2. Encourage new ideas. Workplaces that belittle employee ideas or silence dissenting opinions won’t achieve psychological safety. Listening is vital to your efforts; you need to grant people time to formulate their thoughts without interruption. One idea is to regularly survey all of your employees for new ideas, and then act on the ones that make business sense. This shows a willingness to listen and encourages more people to come forward with their ideas.
3. Allow people to make mistakes. Egregious acts of irresponsibility and intentional fraud will always be off-limits. But allowing your employees to experiment and learn from their failures can create a stronger environment for innovation. Your leaders can set a good example by sharing stories of mistakes that helped them grow.
4. Practice being vulnerable. It isn’t easy to share our limitations with coworkers, and this practice won’t happen overnight. Start small, perhaps by opening a meeting with a recent challenge and the feelings associated with it. Then ask whether anyone else would like to share difficulties they’ve been experiencing. By being open first, you can help your team move past the initial discomfort. Vulnerability often creates a ripple effect. In time, more of your employees will feel comfortable sharing their stories and struggles.
5. Train supervisors and employees on conflict resolution. A psychologically safe workplace doesn’t mean total harmony. In fact, the Harvard Business Review notes that disagreements and different viewpoints are important for generating new ideas and moving your business ahead. But disagreements become counterproductive without respectful boundaries. It’s important to train supervisors and employees to turn conflicts into helpful dialogues that move your team forward. Practice interpersonal communications in small groups, and then move on to larger issues with bigger teams.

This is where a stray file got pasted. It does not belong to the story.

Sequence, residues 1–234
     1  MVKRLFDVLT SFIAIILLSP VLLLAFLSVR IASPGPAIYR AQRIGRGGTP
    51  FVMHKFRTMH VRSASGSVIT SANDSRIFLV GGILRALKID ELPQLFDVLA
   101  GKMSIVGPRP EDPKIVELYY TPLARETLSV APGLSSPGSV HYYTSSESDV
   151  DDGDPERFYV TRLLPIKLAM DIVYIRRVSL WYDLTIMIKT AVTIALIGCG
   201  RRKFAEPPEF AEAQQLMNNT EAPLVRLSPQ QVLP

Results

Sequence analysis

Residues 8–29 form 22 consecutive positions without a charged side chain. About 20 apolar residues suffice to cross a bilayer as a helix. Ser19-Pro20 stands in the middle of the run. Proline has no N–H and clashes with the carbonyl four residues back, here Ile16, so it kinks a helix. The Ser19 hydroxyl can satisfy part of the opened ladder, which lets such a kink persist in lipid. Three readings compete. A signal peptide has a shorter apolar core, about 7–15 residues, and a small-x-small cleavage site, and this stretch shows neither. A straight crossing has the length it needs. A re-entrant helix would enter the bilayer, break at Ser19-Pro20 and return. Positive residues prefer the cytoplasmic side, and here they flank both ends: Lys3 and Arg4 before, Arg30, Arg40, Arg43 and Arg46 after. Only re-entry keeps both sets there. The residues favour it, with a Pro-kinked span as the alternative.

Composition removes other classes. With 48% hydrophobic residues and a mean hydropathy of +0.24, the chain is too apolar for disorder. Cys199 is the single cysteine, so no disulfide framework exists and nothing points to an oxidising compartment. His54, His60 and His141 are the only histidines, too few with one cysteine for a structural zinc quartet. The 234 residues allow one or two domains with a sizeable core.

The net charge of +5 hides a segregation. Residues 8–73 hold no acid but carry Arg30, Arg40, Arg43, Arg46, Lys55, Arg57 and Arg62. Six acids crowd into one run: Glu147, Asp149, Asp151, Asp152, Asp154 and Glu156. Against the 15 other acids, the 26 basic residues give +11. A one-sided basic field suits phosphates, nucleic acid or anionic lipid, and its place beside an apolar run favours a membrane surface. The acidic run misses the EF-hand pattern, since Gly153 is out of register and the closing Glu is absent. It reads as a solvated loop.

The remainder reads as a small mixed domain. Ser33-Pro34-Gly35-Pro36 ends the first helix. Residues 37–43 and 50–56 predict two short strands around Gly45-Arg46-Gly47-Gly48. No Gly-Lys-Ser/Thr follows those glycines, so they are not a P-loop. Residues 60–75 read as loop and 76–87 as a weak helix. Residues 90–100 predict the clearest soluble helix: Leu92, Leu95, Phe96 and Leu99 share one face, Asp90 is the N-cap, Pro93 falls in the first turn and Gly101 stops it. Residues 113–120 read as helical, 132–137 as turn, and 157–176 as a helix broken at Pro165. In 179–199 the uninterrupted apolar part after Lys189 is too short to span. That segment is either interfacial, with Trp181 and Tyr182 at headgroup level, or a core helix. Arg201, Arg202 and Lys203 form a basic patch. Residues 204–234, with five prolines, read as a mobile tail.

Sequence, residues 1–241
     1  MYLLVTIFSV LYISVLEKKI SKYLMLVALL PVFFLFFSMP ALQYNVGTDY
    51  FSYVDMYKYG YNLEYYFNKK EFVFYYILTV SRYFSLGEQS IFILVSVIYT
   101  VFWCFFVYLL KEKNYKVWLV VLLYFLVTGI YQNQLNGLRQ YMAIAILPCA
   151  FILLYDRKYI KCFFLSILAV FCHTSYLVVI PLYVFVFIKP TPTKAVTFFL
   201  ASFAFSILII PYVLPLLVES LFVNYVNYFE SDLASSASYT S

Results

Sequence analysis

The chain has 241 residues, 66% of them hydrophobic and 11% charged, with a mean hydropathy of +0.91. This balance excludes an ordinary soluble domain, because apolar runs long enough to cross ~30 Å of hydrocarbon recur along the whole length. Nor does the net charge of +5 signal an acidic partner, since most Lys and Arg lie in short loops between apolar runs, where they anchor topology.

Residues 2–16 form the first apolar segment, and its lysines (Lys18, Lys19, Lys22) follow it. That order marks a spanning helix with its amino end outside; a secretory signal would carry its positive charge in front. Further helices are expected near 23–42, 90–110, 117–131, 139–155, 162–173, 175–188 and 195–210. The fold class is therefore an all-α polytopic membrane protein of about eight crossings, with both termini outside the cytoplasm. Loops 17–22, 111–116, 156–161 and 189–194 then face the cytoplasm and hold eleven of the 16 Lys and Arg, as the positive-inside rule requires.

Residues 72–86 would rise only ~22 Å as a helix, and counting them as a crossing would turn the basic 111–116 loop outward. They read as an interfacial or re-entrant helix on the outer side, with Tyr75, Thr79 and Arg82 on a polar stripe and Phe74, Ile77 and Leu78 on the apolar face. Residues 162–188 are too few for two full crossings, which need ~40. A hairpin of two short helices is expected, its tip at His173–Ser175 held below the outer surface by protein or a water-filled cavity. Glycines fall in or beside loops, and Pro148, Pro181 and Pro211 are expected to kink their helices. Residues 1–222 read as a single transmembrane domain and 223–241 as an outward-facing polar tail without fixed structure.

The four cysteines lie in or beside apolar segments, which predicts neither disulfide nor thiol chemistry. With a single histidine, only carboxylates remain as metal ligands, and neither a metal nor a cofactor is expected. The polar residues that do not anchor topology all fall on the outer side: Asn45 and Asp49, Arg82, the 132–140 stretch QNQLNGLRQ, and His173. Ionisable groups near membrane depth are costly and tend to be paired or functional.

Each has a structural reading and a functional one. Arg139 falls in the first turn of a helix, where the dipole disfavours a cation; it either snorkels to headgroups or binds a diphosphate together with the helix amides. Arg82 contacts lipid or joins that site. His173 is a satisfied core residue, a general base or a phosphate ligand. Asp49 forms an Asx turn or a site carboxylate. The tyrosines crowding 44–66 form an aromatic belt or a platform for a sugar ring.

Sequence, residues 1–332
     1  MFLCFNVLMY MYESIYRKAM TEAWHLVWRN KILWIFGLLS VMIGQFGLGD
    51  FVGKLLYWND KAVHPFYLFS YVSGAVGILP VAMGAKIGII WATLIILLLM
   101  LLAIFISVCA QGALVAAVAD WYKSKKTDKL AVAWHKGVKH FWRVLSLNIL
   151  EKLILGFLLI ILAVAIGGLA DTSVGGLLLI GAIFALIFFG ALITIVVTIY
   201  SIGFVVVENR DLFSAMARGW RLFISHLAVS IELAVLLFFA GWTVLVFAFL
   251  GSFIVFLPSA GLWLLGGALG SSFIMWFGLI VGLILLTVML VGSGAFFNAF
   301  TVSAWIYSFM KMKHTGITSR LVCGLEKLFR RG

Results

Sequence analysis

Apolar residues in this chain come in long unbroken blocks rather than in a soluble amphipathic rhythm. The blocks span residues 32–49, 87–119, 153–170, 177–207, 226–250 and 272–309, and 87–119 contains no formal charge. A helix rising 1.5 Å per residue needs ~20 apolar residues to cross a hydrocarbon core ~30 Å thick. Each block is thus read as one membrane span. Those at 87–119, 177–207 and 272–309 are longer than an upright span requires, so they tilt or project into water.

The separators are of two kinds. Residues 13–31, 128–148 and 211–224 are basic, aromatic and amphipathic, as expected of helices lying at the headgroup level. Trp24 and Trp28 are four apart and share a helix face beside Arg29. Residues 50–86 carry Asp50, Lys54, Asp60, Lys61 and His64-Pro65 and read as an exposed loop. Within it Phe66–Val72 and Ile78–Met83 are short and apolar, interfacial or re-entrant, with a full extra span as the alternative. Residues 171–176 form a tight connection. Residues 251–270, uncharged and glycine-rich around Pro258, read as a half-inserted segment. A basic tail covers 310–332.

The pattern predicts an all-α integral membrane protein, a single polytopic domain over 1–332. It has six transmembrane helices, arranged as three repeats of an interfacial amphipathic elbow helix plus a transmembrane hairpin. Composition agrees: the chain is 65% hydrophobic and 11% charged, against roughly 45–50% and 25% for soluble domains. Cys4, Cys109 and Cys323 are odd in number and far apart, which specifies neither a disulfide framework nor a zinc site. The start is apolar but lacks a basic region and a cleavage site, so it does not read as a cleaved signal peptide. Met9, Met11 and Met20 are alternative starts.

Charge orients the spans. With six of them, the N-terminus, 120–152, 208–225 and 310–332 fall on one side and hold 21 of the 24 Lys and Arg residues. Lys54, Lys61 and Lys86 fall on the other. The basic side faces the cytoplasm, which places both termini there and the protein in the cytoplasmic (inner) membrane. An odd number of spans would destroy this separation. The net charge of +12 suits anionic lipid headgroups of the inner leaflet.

6. Pay attention to individual differences. Employees have different personalities, motivations and career goals. Understanding these differences will help you avoid unintentionally getting in the way of their psychological safety. For example, if a manager regularly praises an employee for putting in long hours to finish a project, it could play into that individual’s anxiety about work-life balance or create unrealistic expectations for other members of the team.
7. Focus on improvements to business performance. Some employees may be resistant to changing their thought and speech patterns. Another strategy is to explain this process as a way to improve business performance through innovation and diversity of thought. This tends to help people speak up, even more so than when the stated goal is feeling safer or improving their listening ability, according to research from Harvard.
As with any change, achieving psychological safety requires intention and long-term commitment. Start small and celebrate improvements. Understanding that psychologically safe workplaces are an ongoing journey can help leaders stay the course through the inevitable ups and downs.
For more ideas on improving psychological safety in your workplace, talk with your benefits adviser. They can help you explore benefits that aid the cause, including leadership training and mental health benefits.